After the tragic fire that tore through Charles Rennie Mackintosh's Glasgow School of Art last week, thoughts have now turned to the future of the building and the process of restoration. It seems that many people in the profession are in favour of a faithful restoration: John McAslan, who has previously worked on restoring one of Mackintosh's buildings in Northampton, saying that "it is not the time and place to interpret Mackintosh", and former GSA student and ex-director of FAT Sam Jacob commenting that the building "hadn't been turned into a museum piece" and therefore "a faithful restoration is exactly the right thing to do."
Though there has been one dissenting voice from George Cairns, a professor at Melbourne's RMIT who completed his PhD thesis on the building in 1992 and believes that a faithful restoration is impossible. In any case, this is what the Glasgow School of Art has resolved to do, and they have received a number of offers of help. Read on after the break to find out what's being done, and what you can do to help, after the break.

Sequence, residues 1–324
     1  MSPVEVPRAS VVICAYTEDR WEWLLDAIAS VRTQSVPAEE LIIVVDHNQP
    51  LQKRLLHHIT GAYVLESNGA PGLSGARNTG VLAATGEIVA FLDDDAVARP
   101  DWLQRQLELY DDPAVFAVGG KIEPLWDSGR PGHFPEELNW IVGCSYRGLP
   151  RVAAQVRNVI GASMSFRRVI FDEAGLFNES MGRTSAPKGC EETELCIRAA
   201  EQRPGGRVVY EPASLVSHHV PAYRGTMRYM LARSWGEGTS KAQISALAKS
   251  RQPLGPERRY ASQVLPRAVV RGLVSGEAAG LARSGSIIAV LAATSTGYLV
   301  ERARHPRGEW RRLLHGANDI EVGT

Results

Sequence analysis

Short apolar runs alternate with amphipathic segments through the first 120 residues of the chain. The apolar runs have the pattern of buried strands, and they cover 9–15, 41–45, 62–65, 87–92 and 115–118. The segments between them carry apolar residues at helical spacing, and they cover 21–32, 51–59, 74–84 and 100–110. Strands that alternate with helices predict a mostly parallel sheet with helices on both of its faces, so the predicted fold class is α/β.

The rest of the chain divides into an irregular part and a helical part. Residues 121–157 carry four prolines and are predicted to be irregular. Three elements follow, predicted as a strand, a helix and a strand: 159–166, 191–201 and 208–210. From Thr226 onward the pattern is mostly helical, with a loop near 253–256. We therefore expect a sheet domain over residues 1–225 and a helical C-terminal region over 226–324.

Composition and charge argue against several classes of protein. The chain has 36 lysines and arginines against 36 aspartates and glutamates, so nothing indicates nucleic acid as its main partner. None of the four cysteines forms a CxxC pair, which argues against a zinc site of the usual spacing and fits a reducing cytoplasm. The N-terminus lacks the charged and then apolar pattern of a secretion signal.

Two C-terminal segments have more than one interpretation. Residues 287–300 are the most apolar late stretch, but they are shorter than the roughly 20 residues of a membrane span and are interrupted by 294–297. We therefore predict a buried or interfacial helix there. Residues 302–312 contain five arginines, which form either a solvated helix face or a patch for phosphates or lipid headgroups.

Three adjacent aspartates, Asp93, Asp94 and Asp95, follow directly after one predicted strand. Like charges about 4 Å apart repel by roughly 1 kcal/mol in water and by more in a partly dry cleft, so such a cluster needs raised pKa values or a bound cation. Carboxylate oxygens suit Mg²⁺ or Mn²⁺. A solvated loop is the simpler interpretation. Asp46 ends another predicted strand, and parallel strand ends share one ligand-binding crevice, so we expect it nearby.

The Art Newspaper reports that a "small army" of over 100 volunteers and conservation experts is on hand to assist the operation, after a plea for help put out by the Institute of Conservation while the fire was still raging. Monetary support has been offered by the UK Government who have pledged an amount "in the millions, if necessary" as well as by the Scottish Government, who have pledged to match the value raised through public funding up to a value of £5 million. You can contribute to this public fund through the School's page at The Big Give.
The fund for the school reports that "it is not yet clear what the financial need shall be, but it is likely to be significant."